No, having stigma about mental illness does not make you a bad person. Almost everyone has stigma about mental illness and this stigma does not define who you are. The stigmatizing beliefs and ideas that many of us have are the result of the environments we are raised in, the cultural and societal messages that we receive, and the conversations that we have been exposed to in our past. Now that you understand stigma, the important thing is to take action and address stigma. In our next lesson, we will talk a little bit more about specific techniques to address stigma. One of the best ways to reduce stigma is through education, or by learning more about mental illness. There are a lot of myths about mental illness and, in class, we will go through some of the most common misconceptions together to debunk these myths.

How do I know if my beliefs, words, or actions are stigmatizing?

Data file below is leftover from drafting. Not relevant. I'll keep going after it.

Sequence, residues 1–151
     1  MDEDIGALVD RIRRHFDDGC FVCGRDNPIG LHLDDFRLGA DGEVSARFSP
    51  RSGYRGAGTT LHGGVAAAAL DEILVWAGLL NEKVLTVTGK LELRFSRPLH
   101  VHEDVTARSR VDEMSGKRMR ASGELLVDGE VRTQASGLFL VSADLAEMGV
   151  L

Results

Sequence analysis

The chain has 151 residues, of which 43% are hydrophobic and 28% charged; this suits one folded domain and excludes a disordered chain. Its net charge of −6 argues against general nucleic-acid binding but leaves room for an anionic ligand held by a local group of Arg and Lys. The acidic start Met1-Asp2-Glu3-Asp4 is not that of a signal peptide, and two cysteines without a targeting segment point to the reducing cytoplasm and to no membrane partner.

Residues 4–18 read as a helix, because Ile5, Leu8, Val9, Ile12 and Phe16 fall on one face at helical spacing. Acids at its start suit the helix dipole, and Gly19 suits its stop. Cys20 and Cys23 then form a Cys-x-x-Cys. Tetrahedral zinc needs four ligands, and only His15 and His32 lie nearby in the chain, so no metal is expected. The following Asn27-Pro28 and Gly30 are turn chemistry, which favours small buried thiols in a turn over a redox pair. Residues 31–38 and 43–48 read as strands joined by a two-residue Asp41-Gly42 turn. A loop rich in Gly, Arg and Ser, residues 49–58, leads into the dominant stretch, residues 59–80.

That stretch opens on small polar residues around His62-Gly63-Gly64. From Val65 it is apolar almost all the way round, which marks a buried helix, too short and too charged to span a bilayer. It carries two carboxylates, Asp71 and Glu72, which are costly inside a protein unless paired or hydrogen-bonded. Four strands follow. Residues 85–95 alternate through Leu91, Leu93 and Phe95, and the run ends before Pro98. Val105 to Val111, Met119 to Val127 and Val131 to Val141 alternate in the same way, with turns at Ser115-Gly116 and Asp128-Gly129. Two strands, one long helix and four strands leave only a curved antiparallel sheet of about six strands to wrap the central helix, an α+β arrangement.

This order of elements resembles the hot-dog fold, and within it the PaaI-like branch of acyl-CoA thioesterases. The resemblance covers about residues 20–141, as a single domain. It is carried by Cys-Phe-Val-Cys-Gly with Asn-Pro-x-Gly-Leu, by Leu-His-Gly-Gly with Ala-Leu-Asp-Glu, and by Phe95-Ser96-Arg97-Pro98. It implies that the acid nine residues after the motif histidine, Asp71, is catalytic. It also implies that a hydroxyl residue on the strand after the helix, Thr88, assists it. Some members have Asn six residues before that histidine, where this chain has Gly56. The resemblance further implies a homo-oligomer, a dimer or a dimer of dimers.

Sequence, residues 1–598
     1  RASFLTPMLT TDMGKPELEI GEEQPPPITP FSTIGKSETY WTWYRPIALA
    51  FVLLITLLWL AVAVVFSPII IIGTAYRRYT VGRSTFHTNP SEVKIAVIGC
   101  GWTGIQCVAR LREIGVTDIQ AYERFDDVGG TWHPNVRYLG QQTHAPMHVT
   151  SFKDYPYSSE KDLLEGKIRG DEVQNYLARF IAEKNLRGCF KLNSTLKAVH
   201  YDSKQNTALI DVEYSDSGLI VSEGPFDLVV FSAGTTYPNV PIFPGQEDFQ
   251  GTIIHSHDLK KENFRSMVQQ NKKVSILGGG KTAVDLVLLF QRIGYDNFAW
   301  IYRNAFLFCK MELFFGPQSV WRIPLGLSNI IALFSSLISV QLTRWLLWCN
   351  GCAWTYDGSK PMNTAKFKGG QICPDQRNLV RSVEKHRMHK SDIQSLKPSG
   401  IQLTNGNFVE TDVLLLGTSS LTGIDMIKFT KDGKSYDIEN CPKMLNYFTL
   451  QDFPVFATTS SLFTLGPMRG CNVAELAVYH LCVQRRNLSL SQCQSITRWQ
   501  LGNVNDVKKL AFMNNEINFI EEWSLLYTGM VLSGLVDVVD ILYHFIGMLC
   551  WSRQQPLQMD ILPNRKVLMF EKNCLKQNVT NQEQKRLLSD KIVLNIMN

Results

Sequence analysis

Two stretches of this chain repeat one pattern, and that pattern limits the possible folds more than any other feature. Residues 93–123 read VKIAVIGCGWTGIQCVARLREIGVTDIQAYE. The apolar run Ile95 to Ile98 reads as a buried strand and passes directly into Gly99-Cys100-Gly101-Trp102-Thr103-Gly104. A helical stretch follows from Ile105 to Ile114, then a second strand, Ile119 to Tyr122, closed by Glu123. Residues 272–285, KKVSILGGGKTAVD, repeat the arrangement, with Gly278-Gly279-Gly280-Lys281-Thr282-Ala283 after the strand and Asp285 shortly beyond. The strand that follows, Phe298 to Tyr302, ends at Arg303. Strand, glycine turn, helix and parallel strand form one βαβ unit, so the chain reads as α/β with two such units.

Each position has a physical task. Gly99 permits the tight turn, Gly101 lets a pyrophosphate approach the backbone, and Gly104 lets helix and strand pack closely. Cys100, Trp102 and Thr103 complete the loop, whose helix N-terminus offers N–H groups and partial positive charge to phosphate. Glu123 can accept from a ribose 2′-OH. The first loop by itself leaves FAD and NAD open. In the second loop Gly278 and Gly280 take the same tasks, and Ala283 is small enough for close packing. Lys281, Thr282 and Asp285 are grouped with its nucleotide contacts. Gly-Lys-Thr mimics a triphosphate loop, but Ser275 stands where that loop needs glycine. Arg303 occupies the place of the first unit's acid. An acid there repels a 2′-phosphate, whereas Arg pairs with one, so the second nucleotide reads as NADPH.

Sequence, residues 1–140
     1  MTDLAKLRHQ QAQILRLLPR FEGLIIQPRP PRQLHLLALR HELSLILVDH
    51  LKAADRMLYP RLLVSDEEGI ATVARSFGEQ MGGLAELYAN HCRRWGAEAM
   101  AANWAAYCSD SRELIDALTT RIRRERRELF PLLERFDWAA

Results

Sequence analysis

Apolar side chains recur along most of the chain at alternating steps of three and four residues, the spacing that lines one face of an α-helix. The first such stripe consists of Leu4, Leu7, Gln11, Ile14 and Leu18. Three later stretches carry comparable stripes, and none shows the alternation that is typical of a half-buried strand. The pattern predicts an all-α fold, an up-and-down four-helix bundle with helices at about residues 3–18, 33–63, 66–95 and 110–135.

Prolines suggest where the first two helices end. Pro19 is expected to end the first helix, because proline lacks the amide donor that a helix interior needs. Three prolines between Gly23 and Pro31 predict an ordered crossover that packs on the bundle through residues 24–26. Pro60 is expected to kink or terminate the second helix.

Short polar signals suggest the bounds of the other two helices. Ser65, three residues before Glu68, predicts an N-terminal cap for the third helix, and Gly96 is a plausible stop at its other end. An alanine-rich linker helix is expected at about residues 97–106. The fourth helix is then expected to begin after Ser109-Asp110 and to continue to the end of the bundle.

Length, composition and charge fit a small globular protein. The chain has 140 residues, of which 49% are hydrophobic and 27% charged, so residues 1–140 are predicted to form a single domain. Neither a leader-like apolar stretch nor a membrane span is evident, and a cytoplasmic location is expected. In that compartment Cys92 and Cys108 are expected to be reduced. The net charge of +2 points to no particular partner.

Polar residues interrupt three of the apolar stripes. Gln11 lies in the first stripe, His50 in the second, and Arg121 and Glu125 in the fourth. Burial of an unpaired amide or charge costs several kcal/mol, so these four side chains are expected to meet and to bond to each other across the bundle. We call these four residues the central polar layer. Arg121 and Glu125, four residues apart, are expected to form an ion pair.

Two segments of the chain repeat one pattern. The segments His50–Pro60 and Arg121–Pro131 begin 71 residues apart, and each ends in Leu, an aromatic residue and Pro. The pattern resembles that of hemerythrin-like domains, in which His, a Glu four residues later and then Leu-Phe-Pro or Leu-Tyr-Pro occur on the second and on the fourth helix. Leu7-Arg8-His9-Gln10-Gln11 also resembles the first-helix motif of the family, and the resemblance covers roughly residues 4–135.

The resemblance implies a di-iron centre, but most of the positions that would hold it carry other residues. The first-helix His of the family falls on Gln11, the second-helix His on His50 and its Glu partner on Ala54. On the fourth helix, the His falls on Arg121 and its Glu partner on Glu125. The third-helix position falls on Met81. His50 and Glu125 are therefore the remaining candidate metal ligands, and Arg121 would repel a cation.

The Canadian Mental Health Association uses the acronym S.T.O.P. to recognize mental health stigma. If you are unsure of whether or not your attitudes or actions are stigmatizing, pause, and ask yourself:

  • Does the attitude or action Stereotype people with mental health conditions?
  • Does the attitude or action Trivialize people with mental health conditions and/or the condition itself?
  • Does the attitude or action Offend people with mental health conditions?
  • Does the attitude or action Patronize people with mental health conditions by treating them as if they were not as good as other people?

If you are unsure about whether your attitude or action is stigmatizing, be honest, and stay curious. Explain to the other person that you do not mean to stigmatize or harm anyone with your words and actions. Let them know that you are trying to learn and better understand the lives and experiences of other people. Ask them if they can help you understand how it makes them feel or what they think about your attitudes or actions.